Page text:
XI Francisca Javiera Silva y Fitz-James Stuart 1817-1818
XII José Rafael Silva Fernández de Híjar y Portugal 1818-1863
XIII Cayetano Silva y Fernández de Córdoba 1863-1865
XIV Agustín Silva y Bernu 1865-1872
XV Alfonso Silva y Campbell 1872-1929
XVI Alfonso Silva y Fernández de Córdoba 1929-1956
XVII María del Rosario Cayetana Fitz-James Stuart y Silva 1956-2013
XVIII Alfonso Martínez de Irujo y Fitz-James Stuart 2013–present

Cayetana Fitz-James Stuart y Silva had 2 children. One of them, Alfonso Martínez de Irujo y Fitz-James Stuart y Silva, 16th Duke of Aliaga, 19th duke of Hijar (born 22 October 1950, Madrid), married Princess María de la Santísima Trinidad of Hohenlohe-Langenburg on July 4, 1977, who he later divorced.

  • Juan de Silva y de Meneses, (1399 - 27 de septiembre de 1464), I Count of Cifuentes in April 1456.
  • Alfonso de Silva y Acuña (o Vasques da Cunha), II Count of Cifuentes, h. 1430.
  • Juan de Silva y (Rodríguez) de Castañeda, III Count of Cifuentes, born h. 1450.
  • Fernando de Silva y Álvarez de Toledo, IV Count of Cifuentes, h. 1480 - 1546.
  • Juan de Silva y Andrade, (h. 1510 - 27 of April in 1556), V Count of Cifuentes.
  • Fernando de Silva y de Monroy (154_ - 21 of May inb 1590), VI Count of Cifuentes.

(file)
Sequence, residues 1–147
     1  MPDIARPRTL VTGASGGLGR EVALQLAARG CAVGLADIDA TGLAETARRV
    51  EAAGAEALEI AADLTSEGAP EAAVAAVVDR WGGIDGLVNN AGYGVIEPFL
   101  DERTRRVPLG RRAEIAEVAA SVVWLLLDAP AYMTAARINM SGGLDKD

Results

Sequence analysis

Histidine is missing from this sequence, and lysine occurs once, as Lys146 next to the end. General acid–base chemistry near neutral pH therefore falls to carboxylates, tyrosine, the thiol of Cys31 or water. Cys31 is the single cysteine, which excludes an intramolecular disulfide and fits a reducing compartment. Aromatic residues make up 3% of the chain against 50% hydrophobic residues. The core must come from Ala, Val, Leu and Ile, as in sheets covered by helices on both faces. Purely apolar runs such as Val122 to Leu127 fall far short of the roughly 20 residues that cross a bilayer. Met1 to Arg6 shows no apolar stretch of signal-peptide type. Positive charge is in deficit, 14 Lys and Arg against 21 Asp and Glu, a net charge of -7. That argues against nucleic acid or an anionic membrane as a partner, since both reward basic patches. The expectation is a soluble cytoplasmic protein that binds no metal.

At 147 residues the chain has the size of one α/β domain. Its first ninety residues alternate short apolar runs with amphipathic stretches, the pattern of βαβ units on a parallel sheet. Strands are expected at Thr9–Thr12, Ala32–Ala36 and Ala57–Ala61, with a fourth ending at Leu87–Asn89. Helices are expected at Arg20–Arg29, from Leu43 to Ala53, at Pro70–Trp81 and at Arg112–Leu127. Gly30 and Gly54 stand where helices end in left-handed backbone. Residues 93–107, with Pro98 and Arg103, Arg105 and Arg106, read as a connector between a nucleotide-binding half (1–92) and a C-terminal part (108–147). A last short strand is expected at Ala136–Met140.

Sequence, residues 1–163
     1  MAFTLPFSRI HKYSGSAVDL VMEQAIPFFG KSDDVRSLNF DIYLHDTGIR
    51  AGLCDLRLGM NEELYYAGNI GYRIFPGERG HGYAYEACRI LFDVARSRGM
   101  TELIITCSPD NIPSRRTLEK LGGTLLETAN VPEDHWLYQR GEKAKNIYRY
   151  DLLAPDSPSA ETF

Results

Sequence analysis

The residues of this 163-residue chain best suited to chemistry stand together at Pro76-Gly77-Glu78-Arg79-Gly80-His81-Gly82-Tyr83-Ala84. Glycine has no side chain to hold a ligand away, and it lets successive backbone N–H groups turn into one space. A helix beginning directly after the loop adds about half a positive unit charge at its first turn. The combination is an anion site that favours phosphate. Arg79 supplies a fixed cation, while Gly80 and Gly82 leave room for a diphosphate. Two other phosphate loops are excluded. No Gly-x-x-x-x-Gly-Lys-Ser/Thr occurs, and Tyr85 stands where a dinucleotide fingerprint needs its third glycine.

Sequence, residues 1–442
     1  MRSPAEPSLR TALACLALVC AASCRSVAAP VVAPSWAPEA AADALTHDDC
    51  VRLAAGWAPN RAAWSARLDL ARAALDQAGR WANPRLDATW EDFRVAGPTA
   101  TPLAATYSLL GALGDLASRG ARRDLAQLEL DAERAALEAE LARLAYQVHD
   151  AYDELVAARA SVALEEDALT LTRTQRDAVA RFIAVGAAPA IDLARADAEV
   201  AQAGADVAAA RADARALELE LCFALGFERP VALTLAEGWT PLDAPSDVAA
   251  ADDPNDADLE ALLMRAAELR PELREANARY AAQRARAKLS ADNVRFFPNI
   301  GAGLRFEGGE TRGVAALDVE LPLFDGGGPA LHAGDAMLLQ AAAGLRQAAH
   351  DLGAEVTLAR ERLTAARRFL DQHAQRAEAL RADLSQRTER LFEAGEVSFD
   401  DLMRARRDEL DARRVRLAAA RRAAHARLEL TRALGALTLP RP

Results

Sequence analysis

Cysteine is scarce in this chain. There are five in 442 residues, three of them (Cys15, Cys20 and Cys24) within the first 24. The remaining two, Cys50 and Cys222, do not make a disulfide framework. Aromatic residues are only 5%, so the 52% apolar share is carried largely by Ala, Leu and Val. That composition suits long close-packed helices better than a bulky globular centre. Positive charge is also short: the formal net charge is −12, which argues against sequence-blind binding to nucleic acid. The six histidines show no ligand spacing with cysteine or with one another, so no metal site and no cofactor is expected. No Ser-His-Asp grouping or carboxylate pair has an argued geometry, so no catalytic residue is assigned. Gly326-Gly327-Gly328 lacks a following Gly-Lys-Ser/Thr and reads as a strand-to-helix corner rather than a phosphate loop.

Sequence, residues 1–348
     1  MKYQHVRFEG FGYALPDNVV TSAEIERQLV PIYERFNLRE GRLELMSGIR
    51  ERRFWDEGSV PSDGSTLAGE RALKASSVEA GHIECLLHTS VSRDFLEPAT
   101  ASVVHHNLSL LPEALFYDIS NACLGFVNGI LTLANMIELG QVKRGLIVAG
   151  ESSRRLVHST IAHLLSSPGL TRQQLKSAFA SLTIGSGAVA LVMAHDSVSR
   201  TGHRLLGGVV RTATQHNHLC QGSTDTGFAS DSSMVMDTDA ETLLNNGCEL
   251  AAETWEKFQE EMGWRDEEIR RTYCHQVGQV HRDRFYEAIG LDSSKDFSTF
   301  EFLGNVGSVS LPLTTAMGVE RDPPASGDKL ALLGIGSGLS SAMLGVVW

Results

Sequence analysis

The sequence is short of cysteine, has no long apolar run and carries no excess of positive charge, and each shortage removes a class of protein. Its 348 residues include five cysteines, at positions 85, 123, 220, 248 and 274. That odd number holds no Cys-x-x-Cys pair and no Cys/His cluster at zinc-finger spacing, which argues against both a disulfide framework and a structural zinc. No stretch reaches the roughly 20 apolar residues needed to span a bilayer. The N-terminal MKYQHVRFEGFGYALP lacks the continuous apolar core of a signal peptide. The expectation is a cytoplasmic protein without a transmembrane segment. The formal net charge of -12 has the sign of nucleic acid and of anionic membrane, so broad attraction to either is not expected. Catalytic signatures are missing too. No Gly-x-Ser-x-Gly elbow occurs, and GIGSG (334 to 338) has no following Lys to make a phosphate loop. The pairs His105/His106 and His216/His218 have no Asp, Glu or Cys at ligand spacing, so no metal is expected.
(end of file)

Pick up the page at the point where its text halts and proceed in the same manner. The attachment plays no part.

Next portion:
• Juan Baltasar de Silva y de la Cerda, of a second marriage, (6 of January 1581 - 21 of January 1602) VII Count of Cifuentes. Married twice, without succession.
  • Ana de Silva y de La Cerda, VIII Countess of Cifuentes, sister of Juan Baltasar, VII Count of Cifuentes, born in Milan, (Italy), in 1587, married in 1603 with Juan de Padilla y Acuña, II conde de Santa Gadea but died 29 of March 1606. Without succession.
  • Pedro de Silva, called under the name of Pedro Ruiz-Girón y Pacheco de Silva, died in 1625, IX Count of Cifuentes, married twice.
  • Alonso José de Silva y Girón, died in November 1644, considered the X Count of Cifuentes.

Saints, Blesseds and EcclesiasticsEdit

  • Blessed Amadeu de Silva and Menezes[22] (in the world João Mendes da Silva e Menezes, Campo Maior, Portugal 1420 - Milan 10 August 1482). Saint Beatrice de Silva's brother, he was a Reformer of the Franciscan Order and the founder of the Congregation of the Amadeiti (from Amadeu's name) established in 1464. Congregation of a strict observance of the Franciscan Rule and of strict customs, it was, later on, united to the Observant Friars Minor to avoid divisions inside the Franciscan Order.